Caucasian female with flu blowing her nose

Sneezing. Coughing. Stuffy head. To workout or not workout. That is the question.

This isn’t a question you ask when you’re in bed with a 101 degree fever and could only run if the house was on fire. Of course you’re going to skip your workout!

Rather, this is for those ambiguous times – when you feel bad, but not that bad.

Here are three things to ask yourself before you slip on those workout shoes.

  1. Beside your symptoms, is your overall energy lower than normal?
  2. Does increasing your movement make your symptoms worse, or more intense?
  3. Does your energy feel normal, but plummet when you begin to exert yourself?

If you answered yes to any or all of these questions then it would serve you well to hold off on the exercise and focus instead on getting some rest.

Here’s why.

When you’re fighting a cold, your immune system is revved up. Afer all, it has a battle on its hands.

And guess what the immune system requires to fight that battle?

You guessed it. Energy. Lots of energy.

So what happens when you shuttle a large portion of that energy into a workout? Well, the workout is the “squeeky wheel”. Since the workout takes center stage, energy must go there. Which leaves far LESS energy to fight the virus. Like the troops, mid-battle, all of a sudden calling a time out. So does the virus say, “Oh, no problem, you go take care of that and we’ll be here ready to pick up where we left off.”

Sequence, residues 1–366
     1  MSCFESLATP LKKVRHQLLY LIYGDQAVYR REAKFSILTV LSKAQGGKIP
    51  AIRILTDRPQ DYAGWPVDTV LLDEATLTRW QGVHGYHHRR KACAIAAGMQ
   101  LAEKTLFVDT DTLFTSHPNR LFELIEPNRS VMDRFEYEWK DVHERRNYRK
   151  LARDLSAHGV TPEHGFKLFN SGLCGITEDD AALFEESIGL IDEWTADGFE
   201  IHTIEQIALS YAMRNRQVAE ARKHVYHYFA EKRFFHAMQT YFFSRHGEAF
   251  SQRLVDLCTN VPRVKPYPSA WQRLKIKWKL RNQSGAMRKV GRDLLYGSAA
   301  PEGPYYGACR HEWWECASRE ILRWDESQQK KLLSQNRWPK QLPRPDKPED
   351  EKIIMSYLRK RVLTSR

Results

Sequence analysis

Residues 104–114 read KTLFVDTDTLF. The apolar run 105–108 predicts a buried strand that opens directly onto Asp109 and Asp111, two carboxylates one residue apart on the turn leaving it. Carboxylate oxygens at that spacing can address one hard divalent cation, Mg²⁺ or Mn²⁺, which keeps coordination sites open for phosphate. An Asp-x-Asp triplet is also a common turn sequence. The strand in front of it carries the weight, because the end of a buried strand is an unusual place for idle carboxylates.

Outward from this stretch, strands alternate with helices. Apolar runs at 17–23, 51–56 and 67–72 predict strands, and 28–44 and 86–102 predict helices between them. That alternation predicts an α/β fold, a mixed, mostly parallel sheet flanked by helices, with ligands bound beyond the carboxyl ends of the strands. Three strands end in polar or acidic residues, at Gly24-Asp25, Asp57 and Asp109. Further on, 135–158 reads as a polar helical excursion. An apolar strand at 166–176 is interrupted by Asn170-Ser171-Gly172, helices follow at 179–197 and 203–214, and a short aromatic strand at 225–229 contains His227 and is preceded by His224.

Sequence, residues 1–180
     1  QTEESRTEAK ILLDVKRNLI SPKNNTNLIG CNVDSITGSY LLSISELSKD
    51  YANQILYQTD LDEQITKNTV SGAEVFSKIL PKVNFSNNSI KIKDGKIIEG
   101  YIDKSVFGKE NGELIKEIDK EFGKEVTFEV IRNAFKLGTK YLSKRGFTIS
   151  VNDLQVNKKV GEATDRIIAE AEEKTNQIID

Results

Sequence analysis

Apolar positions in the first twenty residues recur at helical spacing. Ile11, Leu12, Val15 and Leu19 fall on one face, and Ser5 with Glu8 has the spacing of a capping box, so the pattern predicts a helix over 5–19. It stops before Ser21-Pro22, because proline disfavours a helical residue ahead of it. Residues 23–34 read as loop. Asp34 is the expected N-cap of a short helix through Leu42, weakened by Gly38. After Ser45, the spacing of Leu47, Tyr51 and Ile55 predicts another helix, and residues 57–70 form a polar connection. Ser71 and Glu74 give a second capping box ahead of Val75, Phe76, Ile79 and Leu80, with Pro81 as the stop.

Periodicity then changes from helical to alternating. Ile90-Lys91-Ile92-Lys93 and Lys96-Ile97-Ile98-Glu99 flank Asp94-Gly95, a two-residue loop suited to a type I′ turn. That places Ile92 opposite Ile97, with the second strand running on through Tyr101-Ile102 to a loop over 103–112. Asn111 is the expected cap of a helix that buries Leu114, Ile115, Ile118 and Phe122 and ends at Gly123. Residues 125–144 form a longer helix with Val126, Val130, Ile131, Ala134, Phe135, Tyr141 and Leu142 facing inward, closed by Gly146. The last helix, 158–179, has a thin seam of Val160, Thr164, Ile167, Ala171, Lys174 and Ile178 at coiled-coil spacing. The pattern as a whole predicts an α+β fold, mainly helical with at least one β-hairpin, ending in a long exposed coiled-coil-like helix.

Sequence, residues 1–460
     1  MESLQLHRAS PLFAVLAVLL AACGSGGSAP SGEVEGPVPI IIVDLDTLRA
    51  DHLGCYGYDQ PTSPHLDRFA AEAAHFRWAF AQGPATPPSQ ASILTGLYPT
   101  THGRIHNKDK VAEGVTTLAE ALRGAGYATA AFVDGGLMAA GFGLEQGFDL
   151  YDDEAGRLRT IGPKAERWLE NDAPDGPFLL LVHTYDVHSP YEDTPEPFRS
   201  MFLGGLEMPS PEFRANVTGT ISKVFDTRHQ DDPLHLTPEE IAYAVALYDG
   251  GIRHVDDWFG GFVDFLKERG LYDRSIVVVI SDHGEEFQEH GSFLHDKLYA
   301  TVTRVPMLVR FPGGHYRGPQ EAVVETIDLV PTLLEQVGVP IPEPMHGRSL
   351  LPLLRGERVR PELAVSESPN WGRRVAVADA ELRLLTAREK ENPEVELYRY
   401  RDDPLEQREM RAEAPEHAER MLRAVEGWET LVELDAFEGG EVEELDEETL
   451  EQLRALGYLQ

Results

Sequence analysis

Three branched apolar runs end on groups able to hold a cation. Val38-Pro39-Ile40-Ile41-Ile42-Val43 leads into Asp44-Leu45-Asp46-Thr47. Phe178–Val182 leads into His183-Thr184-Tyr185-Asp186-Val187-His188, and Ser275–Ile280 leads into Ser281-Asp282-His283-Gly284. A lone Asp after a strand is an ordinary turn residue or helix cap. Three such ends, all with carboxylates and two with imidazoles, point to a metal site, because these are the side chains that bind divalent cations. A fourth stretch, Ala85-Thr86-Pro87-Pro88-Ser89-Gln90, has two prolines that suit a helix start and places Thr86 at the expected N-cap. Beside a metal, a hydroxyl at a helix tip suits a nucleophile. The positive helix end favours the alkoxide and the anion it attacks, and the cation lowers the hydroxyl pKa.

Heck no!

Instead, it’s like they got a free pass. With the energy otherwise occupied, the immune system loses strength and the virus begins to win.

Translation: You feel worse, for longer.

And after the workout? That’s right. You need to recover from the workout.

Recovery time is a tug-o-war between either repairing and rebuilding, or fight off the virus.

If you decide to rest instead of workout – don’t worry. The days that you’ll miss will actually be less if you don’t drag them out by handicapping your immune system. So you’ll be stronger once you get back in the gym, and easily “make up” for lost time (not that you need to do that anyhow, since this is a lifestyle!).

So what if you answered no to those questions?

Well – go for it! That’s right, you read me.

With one caveat:

Monitor how you feel. Just because you answered no to those questions doesn’t mean that they can’t turn into a yes once you break a sweat in your second HIIT interval.

The takeaway is to be smart about deciding to workout with a cold, and listen to your body. Keep in mind that it’s a journey and a few days rest is likely a good thing – because as a lifestyle, your overall health is the number one priority.

Love to hear your thoughts! Contact me through the green tab to the right 🙂

Stay well,



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